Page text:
Mexican national sentenced to federal prison for role in California-to-West Virginia drug conspiracy
CHARLESTON, W.Va. – A Mexican national was sentenced today to a year and a half in federal prison for his role in a California-to-West Virginia methamphetamine conspiracy, announced United States Attorney Carol Casto. Marco Antonio Bojorquez-Rojas, 21, a Mexican national residing in California, previously pleaded guilty to interstate travel in furtherance of a drug crime.
Bojorquez-Rojas admitted that in January 2016, he traveled with some of his codefendants to Charleston from California to collect money for methamphetamine that had been delivered to West Virginia. On January 11, 2016, law enforcement executed a search warrant on a hotel room where Bojorquez-Rojas and some of his codefendants, including Rafael Garcia Serrato and Cesar Garcia, were staying and recovered a bag containing $12,000 cash. Bojorquez-Rojas also admitted that this cash was payment for a portion of the methamphetamine that had been delivered to West Virginia. Bojorquez-Rojas additionally admitted that in March 2016, he traveled from California to Huntington to collect money for methamphetamine that had been driven to Huntington by codefendants Kelly Newcomb and Cara Linn Monasmith. Shortly after the arrival of Bojorquez-Rojas in Huntington on March 19, 2016, law enforcement arrested him and three of his codefendants in a Huntington hotel room.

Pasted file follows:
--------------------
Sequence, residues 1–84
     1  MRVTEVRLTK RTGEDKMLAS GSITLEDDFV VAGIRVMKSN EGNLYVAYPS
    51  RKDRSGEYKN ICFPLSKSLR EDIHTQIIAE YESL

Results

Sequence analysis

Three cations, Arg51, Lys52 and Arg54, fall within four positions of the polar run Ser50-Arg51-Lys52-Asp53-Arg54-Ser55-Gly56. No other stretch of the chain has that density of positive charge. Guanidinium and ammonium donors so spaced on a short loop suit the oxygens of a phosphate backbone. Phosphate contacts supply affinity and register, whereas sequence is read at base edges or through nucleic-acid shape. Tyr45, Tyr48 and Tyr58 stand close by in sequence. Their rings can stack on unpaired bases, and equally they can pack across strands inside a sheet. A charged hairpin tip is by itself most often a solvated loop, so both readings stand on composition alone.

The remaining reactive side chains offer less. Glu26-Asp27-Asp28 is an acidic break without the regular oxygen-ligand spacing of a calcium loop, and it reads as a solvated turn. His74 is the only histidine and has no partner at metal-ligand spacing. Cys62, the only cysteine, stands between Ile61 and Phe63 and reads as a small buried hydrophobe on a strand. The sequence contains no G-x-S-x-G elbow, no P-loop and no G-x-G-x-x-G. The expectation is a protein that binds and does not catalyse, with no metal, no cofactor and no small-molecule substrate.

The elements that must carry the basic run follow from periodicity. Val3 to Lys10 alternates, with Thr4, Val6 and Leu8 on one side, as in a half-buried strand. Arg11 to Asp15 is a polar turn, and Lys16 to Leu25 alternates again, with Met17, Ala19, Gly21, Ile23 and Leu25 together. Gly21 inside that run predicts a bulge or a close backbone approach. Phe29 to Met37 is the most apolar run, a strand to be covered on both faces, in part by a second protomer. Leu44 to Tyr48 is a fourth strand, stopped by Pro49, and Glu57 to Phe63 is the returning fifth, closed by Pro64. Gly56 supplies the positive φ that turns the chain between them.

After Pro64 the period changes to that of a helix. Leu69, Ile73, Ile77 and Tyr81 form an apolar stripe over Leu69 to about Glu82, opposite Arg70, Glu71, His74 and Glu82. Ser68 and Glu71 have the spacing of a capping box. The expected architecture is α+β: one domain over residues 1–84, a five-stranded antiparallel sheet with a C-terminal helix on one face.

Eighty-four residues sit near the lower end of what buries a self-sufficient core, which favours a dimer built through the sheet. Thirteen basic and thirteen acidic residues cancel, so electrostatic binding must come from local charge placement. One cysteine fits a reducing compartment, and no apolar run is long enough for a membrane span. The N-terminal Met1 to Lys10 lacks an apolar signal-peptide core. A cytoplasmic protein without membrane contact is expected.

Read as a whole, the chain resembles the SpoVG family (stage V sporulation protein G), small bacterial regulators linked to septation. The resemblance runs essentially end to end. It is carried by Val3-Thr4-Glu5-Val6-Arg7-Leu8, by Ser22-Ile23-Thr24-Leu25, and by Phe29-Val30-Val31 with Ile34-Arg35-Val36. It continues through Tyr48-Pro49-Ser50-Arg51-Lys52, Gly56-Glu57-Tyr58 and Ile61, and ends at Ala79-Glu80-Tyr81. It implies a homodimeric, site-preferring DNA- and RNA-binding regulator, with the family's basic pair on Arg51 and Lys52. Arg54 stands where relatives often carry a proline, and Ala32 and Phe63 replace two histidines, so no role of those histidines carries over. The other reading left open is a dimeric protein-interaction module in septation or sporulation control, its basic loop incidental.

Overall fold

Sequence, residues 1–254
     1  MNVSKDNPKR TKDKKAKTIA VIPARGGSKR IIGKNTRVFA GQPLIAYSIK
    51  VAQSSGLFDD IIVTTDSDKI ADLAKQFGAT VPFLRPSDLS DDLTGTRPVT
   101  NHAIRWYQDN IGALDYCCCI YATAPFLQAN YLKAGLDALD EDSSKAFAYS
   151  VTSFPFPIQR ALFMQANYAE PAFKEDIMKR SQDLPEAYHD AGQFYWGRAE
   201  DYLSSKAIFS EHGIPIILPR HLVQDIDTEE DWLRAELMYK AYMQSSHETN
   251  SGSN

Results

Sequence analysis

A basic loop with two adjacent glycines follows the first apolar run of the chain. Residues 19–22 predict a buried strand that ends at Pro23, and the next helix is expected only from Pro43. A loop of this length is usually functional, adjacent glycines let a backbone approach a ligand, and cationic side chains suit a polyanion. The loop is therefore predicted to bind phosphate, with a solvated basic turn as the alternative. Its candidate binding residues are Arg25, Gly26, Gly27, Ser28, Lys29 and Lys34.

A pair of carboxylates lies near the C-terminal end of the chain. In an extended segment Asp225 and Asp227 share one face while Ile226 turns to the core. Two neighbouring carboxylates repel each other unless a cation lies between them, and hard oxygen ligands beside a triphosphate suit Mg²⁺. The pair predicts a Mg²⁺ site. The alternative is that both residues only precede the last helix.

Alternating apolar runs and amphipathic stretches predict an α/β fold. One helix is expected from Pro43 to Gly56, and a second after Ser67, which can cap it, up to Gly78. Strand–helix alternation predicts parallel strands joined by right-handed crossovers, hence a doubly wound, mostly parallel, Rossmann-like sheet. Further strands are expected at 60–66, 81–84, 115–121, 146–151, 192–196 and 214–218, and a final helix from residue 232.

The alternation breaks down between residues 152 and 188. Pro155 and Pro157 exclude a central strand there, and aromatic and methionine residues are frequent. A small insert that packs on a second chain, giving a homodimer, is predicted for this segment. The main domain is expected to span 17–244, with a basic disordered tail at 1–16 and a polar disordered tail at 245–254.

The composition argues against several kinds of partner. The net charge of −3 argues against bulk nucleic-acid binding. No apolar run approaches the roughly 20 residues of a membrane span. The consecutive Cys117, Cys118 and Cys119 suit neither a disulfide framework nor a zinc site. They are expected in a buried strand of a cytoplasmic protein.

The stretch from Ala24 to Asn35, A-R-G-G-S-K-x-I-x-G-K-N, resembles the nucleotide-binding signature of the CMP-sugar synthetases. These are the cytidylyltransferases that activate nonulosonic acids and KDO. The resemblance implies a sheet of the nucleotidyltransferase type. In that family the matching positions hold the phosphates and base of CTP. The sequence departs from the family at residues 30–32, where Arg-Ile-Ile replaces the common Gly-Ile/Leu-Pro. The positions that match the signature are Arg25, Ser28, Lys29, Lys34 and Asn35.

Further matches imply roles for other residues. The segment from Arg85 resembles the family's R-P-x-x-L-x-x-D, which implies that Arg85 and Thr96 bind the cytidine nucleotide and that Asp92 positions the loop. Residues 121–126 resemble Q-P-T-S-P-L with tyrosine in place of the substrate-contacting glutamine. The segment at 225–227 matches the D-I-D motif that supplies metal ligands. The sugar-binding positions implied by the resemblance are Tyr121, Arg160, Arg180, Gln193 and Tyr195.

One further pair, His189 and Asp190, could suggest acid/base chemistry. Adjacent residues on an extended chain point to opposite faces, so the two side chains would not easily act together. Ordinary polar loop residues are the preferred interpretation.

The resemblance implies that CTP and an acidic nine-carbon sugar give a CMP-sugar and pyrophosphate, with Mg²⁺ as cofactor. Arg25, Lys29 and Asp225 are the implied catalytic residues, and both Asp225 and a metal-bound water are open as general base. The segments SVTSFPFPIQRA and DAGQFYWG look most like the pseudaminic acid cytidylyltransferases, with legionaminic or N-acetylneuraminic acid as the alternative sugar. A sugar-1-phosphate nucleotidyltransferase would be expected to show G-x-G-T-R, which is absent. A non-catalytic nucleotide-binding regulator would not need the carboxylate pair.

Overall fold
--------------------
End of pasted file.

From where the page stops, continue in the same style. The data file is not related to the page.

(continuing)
This prosecution is the result of a multi-agency investigation that led to an eight-count indictment implicating several defendants, some of whom have already been sentenced to prison. All of the defendants are presumed innocent unless and until proven guilty in a court of law. Newcomb, of Nevada, was sentenced to a year and a day in prison for interstate travel in furtherance of a drug crime. Danielle Dessaray Estrada, of Los Angeles, was also sentenced to a year and a day in prison for interstate travel in furtherance of a drug crime.
Several of the defendants have pleaded guilty and are awaiting sentencing. Two other women who were used as mules to transport methamphetamine, Rachel Arlene Garay, of California, and Monasmith, of Nevada, pleaded guilty to interstate travel in furtherance of a drug crime. Additionally, as part of this conspiracy, Serrato, of Los Angeles, Garcia, also of Los Angeles, Daniel Ortiz-Rivera, a Mexican national, Velarian Sylvester Carter, of Beckley, Miguel Tafolla-Montoya, a Mexican national, and Brian Ashby, of Kanawha County, previously pleaded guilty to conspiring to distribute more than 50 grams of methamphetamine.
The FBI, Homeland Security Investigations, the United States Postal Inspection Service, the Charleston Police Department, and the Metropolitan Drug Enforcement Network Team conducted the investigation. Assistant United States Attorney Jennifer Rada Herrald is in charge of these prosecutions. United States District Judge John T. Copenhaver, Jr., is presiding over these cases and imposed the sentences.
These cases are being prosecuted as part of an ongoing effort led by the United States Attorney’s Office for the Southern District of West Virginia to combat the illicit sale and misuse of illegal drugs, including methamphetamine. The U.S. Attorney’s Office, joined by federal, state and local law enforcement agencies, is committed to aggressively pursuing and shutting down pill trafficking, eliminating open air drug markets, and curtailing the spread of illegal drugs in communities across the Southern District.
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